Immortal like Lambert? Use the ballistic insert
As you already know, the Cadet jacket like other SPES models (for example AP Light or Attila) has cushioning foams of 10 mm thickness. In most cases, it’s enough. This foam can be easily cut into pieces, so fitting it in the jacket is easy. What is more, pockets are designed to fit two layers of so called “intelligent foams” with better amortization.
As somebody has noticed, you can also put a composite into the pockets (for example 1600N – so twice as thick as 800N), or a ballistic insert, which will increase your chances on the battlefield by making you “immortal” (however, as a manufacturer we advise not to take it too seriously, just like others warn about using the hair dryer under a shower – just in case).
But seriously – if there’s a need, we are open to custom orders for unusual pocket inserts – like kevlar or 1600N composite, or anything else. Just let us know.
A button’s a button, but what about a zipper?
Let’s come back to the closure issue. Apart from the buttons, Cadet also has a zipper. In comparison to the Canadian buttons, it’s a bit more complicated solution – because of the number of various parameters. You often ask us about types of zippers used in our gear. Sometimes you recommend your own proposition we could try (which we always take into consideration).
We can say a lot about zippers, but let’s skip their history (which is longer than the history of the mentioned buttons – you can ask aunt Wikipedia). Instead, we have prepared a quick course on zippers and their features.
Ready? So let’s start.
Read to me, Histfenc: about the fascinating world of zippers in a nutshell
- When it comes to the types of zippers, there are two of them: closed and separated. First type can be found in, for example, trousers, in places where the right side and the left side of fabric are joined near the lower edge. Separated zippers are used in jackets and blouses; so, where both sides of the clothing can be easily separated.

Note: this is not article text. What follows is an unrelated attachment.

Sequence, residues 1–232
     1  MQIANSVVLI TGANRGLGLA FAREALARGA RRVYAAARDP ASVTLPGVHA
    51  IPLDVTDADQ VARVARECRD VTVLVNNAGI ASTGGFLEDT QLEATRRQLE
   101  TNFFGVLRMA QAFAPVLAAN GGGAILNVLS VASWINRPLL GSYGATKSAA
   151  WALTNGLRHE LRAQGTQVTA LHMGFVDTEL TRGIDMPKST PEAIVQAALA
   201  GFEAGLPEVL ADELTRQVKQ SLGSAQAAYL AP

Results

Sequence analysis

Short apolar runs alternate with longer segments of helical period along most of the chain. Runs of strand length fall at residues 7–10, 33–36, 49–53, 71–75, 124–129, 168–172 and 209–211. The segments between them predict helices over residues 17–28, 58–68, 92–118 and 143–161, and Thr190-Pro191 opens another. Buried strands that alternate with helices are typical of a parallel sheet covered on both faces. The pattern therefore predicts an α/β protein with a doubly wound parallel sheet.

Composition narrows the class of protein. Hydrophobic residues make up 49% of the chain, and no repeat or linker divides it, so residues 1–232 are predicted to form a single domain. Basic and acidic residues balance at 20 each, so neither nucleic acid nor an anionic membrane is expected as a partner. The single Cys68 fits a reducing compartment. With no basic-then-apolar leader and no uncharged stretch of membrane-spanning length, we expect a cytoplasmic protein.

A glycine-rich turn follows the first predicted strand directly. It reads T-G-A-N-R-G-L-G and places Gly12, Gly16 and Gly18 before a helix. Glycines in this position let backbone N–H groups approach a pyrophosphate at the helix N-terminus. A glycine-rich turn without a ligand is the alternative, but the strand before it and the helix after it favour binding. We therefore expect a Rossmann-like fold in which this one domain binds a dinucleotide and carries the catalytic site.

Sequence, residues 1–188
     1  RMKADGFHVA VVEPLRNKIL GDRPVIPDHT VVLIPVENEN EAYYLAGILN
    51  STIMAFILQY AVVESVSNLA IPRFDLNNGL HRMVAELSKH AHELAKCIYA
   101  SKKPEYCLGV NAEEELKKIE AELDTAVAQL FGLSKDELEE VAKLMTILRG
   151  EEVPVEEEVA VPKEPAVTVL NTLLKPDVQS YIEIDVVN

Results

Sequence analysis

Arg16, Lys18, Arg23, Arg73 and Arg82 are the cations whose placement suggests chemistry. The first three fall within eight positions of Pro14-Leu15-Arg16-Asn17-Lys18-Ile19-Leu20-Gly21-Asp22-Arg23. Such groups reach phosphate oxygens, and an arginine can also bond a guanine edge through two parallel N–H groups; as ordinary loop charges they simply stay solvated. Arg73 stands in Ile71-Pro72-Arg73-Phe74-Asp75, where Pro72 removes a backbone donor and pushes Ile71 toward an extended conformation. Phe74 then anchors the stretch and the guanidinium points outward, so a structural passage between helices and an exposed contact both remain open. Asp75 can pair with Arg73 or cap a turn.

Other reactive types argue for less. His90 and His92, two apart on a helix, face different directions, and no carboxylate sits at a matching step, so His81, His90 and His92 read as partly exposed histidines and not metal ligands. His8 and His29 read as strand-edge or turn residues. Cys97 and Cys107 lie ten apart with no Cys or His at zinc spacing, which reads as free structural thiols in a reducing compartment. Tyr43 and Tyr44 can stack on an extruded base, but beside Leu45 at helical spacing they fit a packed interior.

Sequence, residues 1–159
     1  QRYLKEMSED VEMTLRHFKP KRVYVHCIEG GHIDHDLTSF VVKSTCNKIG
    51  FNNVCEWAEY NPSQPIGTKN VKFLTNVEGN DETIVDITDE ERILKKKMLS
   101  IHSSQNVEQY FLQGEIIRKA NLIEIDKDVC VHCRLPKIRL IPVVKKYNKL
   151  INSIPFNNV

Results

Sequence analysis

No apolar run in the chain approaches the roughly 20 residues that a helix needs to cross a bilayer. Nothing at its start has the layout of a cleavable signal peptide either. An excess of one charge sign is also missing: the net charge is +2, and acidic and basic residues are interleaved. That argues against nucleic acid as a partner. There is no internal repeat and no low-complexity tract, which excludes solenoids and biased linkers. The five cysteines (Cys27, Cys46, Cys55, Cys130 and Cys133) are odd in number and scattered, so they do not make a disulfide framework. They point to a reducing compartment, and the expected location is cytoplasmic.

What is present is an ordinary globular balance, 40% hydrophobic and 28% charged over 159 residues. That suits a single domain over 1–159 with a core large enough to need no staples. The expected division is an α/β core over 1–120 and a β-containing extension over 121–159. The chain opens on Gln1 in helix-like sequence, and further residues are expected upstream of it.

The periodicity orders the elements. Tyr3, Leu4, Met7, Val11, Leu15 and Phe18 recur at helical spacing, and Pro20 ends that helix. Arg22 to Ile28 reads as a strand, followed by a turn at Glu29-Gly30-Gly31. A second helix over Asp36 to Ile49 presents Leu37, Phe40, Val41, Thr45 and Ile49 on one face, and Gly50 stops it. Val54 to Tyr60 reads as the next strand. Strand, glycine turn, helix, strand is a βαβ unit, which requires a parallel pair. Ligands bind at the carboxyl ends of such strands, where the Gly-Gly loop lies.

- There are also zippers with or without a lock. It keeps the slider in one place, even during intensive movement.
- Due to ways of mounting the zipper, there are two types of them – coil or molded (plastic, metal). It refers to the tape which is sewn to the fabric and the way cloves snag each other.
- A zipper can be standard or reversed. One type has visible teeth, while the other looks almost like plain fabric. This makes a zipper nearly invisible.
- This solution is implemented also in the waterproof zippers (thus we have another feature), which are often impregnated on the tape part and stitched with teeth downward, just like in reversed zippers.
- Another thing are the materials used in a zipper. Usually it’s metal or plastic. It has the influence on its durability, prestige (plastic in jeans? yuck) and wear-resistance. There are chemicals which, in certain conditions, can make a “metal” zipper, made from bronze or tin, cover in patina, work badly, or seize up.
- Another important thing is size – usually provided in millimeters. It has the influence on durability. The bigger the zipper, the harder it is to separate its teeth, which makes it more expensive.
- What is more, a zipper can have one or two sliders, which makes it easy in dividing (upper part from the lower part).
As you can see, it’s a quite interesting topic, but also complicated. When it comes to zippers used in our gear, they usually have this specification:
- type: separated with one slider
- mounting: coil
- no locking (not necessary with the second closure, like in Cadet jacket)
- material: plastic
- size: 8 mm (so, high resistance to tearing up)
- not waterproof
- classic slider
That’s all on Matt’s review and Cadet jacket itself. If you have any questions, leave a comment. Don’t forget to subscribe to our YouTube channel, where you will find video presentations of our gear, but also tips on upgrading it and various advice.